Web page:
G-protein-coupled receptors (GPCRs) represent the largest family of membrane proteins in the human genome. Structurally, all GPCRs are characterized by the presence of seven membrane-spanning α-helical segments. Many GPCR signaling systems are complex and tightly regulated, involving multiple G-protein subtypes and desensitization pathways. The β2 adrenergic receptor (β2AR) is among the most extensively characterized family A GPCRs. The β2AR is activated by epinephrine and norepinephrine, and plays key regulatory roles in cardiovascular and pulmonary physiology through mediation of sympathetic neurotransmission. Due to the importance of the β2AR and other adrenergic receptors in cardiovascular and pulmonary diseases, many drugs have been developed that target these GPCRs. The combination of high-resolution structure and in vitro biophysical data makes the β2AR unique among GPCRs recognizing diffusible ligands. This chapter provides an understanding of the β2 adrenergic receptor as a model for the G-protein-coupled receptor, focusing on its structure and function. It begins by reviewing the biochemical properties of the β2AR, in particular the evidence for multiple conformational states of the receptor. Following this, it describes various features of the recently published β2AR crystal structures. Finally, it discusses potential molecular mechanisms for β2AR activation, based on the structures as well as the existing biochemical and biophysical data on β2AR conformational changes.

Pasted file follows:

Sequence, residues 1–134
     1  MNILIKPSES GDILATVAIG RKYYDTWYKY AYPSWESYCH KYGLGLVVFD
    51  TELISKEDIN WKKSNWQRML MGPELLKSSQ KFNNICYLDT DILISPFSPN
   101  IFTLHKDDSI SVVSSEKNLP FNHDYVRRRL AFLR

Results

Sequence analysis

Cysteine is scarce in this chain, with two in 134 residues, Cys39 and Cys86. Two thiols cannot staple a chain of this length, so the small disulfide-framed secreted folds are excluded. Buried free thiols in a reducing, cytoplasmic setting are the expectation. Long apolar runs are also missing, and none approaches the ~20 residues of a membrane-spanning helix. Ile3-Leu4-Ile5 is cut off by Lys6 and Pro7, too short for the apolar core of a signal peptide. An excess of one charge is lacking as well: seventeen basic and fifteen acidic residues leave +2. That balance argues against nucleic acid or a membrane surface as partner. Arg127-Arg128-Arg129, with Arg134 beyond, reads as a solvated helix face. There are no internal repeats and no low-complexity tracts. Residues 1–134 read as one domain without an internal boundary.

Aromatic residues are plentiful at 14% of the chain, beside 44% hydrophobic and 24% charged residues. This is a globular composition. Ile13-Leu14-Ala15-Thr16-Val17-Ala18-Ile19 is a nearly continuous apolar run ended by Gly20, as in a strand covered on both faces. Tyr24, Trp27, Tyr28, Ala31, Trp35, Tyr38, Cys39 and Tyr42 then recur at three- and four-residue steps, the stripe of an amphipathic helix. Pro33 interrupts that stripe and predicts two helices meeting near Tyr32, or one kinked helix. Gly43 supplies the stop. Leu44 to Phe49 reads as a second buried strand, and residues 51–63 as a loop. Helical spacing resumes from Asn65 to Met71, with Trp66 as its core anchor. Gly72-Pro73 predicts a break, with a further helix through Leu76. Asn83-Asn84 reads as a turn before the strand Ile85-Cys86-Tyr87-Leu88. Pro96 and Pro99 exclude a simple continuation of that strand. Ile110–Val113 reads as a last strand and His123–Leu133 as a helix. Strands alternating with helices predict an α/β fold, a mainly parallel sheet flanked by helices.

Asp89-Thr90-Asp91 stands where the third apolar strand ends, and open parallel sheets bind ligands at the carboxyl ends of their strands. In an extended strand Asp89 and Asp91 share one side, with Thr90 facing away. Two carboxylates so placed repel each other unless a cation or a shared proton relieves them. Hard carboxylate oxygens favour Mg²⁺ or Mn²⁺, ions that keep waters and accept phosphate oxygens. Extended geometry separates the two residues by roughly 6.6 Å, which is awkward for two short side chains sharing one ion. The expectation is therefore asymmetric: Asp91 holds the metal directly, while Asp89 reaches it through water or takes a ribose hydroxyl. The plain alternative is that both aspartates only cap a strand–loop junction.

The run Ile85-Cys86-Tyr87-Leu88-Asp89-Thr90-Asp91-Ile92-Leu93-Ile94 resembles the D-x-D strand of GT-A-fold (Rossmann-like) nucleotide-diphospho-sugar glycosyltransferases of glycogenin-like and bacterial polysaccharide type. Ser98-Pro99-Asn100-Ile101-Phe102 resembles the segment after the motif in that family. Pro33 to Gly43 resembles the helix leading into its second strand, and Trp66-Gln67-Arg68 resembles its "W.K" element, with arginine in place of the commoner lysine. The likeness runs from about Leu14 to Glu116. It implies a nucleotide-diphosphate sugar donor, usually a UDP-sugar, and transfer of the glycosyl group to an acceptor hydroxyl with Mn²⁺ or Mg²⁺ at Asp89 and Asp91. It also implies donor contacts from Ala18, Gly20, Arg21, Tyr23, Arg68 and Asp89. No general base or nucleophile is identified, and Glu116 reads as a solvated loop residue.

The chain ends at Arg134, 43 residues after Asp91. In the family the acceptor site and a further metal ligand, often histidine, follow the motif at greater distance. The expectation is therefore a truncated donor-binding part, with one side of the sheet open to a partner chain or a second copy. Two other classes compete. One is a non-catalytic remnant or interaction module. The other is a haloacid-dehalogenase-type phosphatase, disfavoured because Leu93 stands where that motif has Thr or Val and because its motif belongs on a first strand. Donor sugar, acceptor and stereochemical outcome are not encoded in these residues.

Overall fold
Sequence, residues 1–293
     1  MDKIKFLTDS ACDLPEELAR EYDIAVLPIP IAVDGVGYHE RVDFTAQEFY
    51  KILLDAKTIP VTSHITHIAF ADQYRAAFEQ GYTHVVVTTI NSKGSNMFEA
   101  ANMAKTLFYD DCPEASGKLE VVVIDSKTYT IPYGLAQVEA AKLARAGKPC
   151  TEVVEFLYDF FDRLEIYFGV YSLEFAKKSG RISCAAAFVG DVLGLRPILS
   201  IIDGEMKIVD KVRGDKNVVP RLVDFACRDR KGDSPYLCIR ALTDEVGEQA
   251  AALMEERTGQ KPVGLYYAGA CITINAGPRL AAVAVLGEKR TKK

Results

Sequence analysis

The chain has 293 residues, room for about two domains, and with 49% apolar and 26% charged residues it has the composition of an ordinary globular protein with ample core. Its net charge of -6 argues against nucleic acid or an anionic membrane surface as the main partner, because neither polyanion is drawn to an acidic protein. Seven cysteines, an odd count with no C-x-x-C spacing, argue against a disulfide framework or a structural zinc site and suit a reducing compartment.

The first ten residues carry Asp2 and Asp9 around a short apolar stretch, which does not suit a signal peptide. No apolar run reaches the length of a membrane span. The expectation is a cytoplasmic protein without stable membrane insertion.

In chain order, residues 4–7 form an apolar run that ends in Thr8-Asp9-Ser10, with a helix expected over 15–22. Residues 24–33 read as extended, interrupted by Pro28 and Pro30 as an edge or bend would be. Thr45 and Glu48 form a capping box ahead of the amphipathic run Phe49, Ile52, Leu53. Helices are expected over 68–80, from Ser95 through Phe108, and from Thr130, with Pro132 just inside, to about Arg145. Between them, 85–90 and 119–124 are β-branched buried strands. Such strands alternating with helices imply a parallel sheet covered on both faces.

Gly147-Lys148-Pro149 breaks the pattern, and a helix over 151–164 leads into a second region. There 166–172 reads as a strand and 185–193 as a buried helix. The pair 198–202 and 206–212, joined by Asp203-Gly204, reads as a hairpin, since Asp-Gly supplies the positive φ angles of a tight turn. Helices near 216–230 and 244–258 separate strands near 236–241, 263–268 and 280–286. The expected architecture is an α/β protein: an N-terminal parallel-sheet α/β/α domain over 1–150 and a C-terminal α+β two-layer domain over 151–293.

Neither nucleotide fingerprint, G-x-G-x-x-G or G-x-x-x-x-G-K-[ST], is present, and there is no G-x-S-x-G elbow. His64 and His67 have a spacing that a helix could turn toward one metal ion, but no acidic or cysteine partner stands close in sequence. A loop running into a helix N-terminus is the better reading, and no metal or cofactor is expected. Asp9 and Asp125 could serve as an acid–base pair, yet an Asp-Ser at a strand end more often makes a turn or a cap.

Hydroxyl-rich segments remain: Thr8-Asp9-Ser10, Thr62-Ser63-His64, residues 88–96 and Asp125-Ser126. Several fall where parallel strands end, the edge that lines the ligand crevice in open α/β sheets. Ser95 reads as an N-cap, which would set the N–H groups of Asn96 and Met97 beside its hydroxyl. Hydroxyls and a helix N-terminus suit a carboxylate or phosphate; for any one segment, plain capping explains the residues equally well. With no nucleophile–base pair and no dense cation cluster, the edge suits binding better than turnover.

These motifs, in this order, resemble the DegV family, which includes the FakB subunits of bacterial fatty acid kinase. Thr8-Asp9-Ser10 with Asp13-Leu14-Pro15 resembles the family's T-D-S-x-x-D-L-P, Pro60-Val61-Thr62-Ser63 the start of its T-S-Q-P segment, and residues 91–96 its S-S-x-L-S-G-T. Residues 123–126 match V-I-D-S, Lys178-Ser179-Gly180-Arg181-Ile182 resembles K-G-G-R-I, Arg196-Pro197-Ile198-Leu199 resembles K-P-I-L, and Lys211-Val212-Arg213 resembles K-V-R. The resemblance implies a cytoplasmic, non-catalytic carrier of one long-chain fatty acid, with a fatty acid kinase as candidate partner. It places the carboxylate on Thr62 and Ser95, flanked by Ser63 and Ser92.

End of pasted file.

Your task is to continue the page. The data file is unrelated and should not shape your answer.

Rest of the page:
|Title of host publication
|Handbook of Cell Signaling, Second Edition
|Number of pages
|Published - Jan 1 2009
ASJC Scopus subject areas
- General Biochemistry, Genetics and Molecular Biology